60 Years Ago the Supreme Court Told Schools to Desegregate. Here’s How Fast We’re Backsliding. —By Lauren Williams, Brett Brownell, and Mark Murrmann| Sat May 17, 2014 9:12 AM EDT1

Just Sayin'

A 1973 Charlotte, N.C., first grade class that was integrated through a school busing program. 

Sixty years ago, the Supreme Court ruled that segregation in schools was unconstitutional. The changes required by Brown v. Board of Education decision were not immediate, but they were profound and lasting. Today, schools in the South are the least segregated for black students in the nation.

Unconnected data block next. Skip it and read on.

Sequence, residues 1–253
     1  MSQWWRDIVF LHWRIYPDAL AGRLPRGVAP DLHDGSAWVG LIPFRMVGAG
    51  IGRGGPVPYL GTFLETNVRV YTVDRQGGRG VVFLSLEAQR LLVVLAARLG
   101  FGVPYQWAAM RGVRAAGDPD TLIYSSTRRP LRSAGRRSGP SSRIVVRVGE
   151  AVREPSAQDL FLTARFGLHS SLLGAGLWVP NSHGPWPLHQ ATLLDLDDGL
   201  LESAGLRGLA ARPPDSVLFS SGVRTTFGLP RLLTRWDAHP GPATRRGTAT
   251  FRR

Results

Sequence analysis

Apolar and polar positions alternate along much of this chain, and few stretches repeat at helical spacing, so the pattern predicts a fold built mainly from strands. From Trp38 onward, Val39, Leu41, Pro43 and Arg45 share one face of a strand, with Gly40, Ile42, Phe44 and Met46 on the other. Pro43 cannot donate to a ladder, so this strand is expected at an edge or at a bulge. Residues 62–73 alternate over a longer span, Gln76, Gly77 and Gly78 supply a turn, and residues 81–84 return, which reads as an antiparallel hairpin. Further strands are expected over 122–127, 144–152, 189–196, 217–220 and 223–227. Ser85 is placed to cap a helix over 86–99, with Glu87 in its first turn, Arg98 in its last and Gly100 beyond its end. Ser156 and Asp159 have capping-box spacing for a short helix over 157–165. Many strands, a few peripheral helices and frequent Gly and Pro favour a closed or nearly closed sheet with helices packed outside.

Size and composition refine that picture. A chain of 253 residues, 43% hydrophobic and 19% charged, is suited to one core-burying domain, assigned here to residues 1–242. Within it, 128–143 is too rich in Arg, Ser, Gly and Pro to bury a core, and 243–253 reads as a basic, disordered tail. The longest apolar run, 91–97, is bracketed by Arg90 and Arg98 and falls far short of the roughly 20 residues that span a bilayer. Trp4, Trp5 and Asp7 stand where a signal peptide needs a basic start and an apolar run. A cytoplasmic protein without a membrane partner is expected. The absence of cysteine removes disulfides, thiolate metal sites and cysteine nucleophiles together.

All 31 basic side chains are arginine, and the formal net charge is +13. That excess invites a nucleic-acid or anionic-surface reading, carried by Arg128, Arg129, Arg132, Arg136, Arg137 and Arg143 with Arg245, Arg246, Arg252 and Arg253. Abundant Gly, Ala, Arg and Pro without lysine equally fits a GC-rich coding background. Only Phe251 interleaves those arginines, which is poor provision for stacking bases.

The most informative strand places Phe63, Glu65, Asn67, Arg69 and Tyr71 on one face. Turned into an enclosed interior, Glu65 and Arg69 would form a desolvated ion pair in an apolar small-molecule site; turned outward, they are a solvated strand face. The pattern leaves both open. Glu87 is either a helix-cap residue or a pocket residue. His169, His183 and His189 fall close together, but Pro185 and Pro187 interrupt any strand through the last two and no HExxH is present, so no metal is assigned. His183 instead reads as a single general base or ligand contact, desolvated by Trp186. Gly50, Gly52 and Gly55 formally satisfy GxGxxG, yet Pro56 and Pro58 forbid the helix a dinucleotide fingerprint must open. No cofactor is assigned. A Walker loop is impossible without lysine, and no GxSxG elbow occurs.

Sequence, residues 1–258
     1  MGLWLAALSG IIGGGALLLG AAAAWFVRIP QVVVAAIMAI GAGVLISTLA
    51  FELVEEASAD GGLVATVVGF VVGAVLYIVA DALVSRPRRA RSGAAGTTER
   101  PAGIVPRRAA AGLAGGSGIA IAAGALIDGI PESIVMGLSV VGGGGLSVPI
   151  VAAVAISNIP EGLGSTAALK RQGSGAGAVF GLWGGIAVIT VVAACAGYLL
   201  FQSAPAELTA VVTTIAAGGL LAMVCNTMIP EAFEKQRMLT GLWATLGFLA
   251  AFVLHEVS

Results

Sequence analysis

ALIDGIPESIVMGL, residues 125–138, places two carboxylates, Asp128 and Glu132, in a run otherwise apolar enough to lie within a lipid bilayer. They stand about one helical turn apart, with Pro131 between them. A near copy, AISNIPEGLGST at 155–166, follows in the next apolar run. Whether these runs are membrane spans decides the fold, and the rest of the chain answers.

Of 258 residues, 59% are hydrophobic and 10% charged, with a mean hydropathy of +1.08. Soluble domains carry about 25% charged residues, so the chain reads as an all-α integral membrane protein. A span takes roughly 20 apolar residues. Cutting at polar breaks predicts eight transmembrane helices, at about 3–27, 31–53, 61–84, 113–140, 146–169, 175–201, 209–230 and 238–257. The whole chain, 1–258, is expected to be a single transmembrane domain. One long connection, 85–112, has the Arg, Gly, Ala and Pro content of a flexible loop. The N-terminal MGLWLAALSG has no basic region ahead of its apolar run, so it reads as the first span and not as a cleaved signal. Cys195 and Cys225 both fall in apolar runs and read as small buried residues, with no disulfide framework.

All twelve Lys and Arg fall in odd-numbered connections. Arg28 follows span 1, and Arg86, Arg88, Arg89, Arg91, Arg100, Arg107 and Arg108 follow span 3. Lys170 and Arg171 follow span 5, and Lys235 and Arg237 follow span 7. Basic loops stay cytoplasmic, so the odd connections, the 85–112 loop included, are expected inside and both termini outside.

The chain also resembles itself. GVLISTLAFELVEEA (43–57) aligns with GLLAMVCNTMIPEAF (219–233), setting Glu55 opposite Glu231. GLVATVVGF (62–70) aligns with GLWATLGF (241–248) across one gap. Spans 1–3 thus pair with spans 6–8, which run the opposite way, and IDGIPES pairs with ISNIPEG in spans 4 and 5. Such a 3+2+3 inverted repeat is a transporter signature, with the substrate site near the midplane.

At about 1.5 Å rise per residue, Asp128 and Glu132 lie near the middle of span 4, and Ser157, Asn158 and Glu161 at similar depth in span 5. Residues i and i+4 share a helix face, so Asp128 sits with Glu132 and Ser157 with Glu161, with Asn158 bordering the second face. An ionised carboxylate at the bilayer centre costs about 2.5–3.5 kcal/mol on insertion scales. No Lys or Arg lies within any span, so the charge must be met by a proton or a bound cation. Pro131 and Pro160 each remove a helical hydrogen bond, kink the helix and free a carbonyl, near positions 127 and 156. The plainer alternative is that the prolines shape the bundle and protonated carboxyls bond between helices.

Of course, that doesn’t tell the whole story. In honor of the Brown anniversary, UCLA’s Civil Rights Project released a report that analyzes the progress of desegregation since 1954. According to the report, starting in the 1980s, schools began to ditch integration efforts and shift focus to universal education standards as a way to level the playing field for students in unequal schools. In 1991, when the Supreme Court ruled that school districts could end their desegregation plans, it put the nail in integration’s coffin.

Today, the picture…

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